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This article covers the spread of substance use problems in adolescents and some of the currently available scientifically proven behavioral treatments for these conditions.
Three main points need to be highlighted.
• First, experimentation is a normal behavior during adolescence; however, drug use is not, nor is the transition into drug problems. Experimentation with drugs and alcohol is fraught with risks and should be discouraged. Particularly, data suggest that the younger the age that substance use is started, the higher the risk for substance dependence.
• Second, drug use starts primarily as a social behavior, concurrent with the social reorientation from family to peers that takes place during adolescence.
• Third, the adolescent brain undergoes unique changes that contribute to enhancing impulsivity and risk-taking behaviors, which are vulnerabilities for substance use. These behaviors serve to facilitate the transition that adolescents need to accomplish for species survival—leave the nest and confront a new and potentially dangerous world to become independent.
Much work has been dedicated to understanding the neural changes that underlie risk for substance use problems in youths, as well as the effects of drug addiction on the adult brain. (Very little has been done on the adolescent brain.) Implications for treatment that will refine existing effective interventions and provide new therapeutic strategies are yet to come.
In the United States, estimates of adolescent substance use behaviors and attitudes primarily come from 3 population-based national surveys: the Monitoring the Future (MTF) study of 8th, 10th, and 12th graders and linked longitudinal follow-up studies; the National Survey of Drug Use and Health (NSDUH) study of those aged 12 and older; and the Youth Risk Behavior Survey of adolescent students.1-3 These surveys employed different methods and produced slightly different point estimates, yet the trends of adolescent substance use over time are consistent across the surveys. Only the most notable estimates are presented.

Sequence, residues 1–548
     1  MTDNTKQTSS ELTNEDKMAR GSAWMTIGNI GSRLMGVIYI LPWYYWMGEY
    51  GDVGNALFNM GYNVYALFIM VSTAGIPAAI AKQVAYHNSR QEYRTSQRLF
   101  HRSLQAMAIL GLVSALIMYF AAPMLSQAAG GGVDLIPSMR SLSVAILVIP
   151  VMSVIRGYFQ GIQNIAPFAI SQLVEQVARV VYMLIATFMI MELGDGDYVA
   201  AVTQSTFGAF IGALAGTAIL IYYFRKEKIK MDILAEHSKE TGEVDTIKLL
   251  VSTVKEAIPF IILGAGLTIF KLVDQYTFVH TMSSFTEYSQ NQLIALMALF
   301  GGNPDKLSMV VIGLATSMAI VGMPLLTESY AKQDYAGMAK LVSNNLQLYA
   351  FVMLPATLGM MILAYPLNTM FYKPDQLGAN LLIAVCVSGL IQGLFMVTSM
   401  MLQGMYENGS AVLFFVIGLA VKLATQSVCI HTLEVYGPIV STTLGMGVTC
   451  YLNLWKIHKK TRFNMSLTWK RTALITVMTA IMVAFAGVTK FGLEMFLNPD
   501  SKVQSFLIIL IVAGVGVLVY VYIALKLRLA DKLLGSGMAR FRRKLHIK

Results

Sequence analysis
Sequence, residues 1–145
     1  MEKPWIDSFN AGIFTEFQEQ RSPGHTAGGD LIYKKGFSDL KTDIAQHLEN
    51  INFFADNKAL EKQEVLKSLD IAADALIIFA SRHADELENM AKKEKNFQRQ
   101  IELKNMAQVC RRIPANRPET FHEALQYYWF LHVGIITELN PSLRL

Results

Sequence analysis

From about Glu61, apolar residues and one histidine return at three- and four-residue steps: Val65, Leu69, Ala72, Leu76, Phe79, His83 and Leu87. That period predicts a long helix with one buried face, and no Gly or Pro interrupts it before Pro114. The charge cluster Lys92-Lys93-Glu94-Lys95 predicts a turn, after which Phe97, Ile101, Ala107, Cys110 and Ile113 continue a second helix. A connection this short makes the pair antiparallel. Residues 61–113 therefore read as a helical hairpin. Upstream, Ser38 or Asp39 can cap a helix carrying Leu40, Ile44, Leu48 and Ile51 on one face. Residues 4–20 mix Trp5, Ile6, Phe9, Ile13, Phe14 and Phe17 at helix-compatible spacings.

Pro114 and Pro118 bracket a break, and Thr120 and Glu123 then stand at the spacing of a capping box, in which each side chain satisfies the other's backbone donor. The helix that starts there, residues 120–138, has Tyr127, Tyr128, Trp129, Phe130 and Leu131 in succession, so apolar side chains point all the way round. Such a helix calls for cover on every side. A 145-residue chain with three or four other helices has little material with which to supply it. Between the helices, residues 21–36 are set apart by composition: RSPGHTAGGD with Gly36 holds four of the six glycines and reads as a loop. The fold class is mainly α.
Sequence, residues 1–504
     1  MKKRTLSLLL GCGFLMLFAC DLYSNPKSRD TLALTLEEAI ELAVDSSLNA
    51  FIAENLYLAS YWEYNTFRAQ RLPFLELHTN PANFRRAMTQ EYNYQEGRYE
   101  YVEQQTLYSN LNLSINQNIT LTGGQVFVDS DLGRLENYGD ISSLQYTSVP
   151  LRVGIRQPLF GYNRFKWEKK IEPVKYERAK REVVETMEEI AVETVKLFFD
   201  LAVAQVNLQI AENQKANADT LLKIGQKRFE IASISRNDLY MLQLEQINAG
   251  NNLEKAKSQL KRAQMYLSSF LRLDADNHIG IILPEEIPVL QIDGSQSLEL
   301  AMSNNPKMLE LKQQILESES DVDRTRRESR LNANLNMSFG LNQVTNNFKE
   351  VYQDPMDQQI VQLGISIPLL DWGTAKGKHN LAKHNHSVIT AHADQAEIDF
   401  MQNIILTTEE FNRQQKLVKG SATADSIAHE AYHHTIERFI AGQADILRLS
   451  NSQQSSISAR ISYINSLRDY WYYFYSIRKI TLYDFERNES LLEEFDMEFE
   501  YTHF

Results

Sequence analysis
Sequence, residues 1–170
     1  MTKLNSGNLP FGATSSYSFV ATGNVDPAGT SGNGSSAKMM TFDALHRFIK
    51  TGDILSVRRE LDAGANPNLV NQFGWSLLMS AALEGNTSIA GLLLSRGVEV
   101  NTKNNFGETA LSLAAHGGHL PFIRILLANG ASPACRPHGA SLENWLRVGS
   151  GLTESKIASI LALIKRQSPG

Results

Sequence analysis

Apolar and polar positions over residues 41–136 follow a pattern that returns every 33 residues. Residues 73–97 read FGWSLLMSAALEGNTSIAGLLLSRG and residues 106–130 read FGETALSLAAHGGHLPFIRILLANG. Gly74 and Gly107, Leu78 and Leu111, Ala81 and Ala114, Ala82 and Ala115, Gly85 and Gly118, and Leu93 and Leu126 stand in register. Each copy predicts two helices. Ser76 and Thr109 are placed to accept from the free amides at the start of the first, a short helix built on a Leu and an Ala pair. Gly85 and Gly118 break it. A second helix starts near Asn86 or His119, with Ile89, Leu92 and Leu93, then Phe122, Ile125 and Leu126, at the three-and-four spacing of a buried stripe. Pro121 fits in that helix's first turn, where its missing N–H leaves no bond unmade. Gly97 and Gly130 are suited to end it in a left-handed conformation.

Drug use starts at different ages, depending on the type of substances, but generally onset is in adolescence. Findings from the MTF study indicate an earlier start for drugs that are perceived as less harmful or risky and for those that are easily accessible. Earlier start patterns were reported for alcohol, tobacco, and inhalants (more than half of users reported initiation before the end of 9th grade) relative to other illicit drugs, such as cocaine and hallucinogens (fewer than one-third reported initiation before the end of 9th grade).1
Among respondents in the NSDUH study who reported using an illicit drug for the first time in the past year, more than half were younger than 18.2 These estimates of school samples are based on retrospective reports and may not capture those heavier users who dropped out of school.
Adolescent substance use peaked in the mid to late 1990s. This peak was followed by a general decline, despite some geographic and drug-specific epidemics, until around 2008, when the overall decline seems to have stalled. In 2011, according to the MTF study, nearly half of high school seniors reported having used an illicit drug at some point, and 40% had used in the past year (Figure 1), followed by 33% of 10th graders, and 15% of 8th graders. Marijuana was the most prevalent illicit drug. Nearly two-thirds of high school seniors, half of 10th graders, and more than 26% of 8th graders reported taking at least 1 drink in the year before the survey (Figure 2), and more than 42%, 29%, and 10%, respectively, had been drunk.
Patterns of drug use may vary by sex and ethnic group as well as by drug type. Boys tend to report more use than girls, particularly as they get older and for many different drugs.1 Boys may have greater opportunities to initiate drug use than girls; however, when opportunity to use was controlled for, boys and girls were equally likely to use.4 White and Hispanic adolescents tend to report more overall drug use than African American youths; however, differences vary by drug type and school grade.5 Additional details regarding racial and ethnic differences can be found in the respective reports of the 3 surveys.
Dr Chambers is Health Scientist Administrator, Behavioral and Integrative Treatment Branch, National Institute on Drug Abuse (NIDA); Dr Lopez is Branch Chief, Epidemiology Research Branch, Division of Epidemiology, Services, and Prevention Research, NIDA; and Dr Ernst is Head of Neurodevelopment of Reward Systems, National Institute of Mental Health, National Institutes of Health, Bethesda, Md. The authors have no disclosures to report. Sharon Judith Lalo Levy, MD, MPH (peer/content reviewer), also has no disclosures to report.
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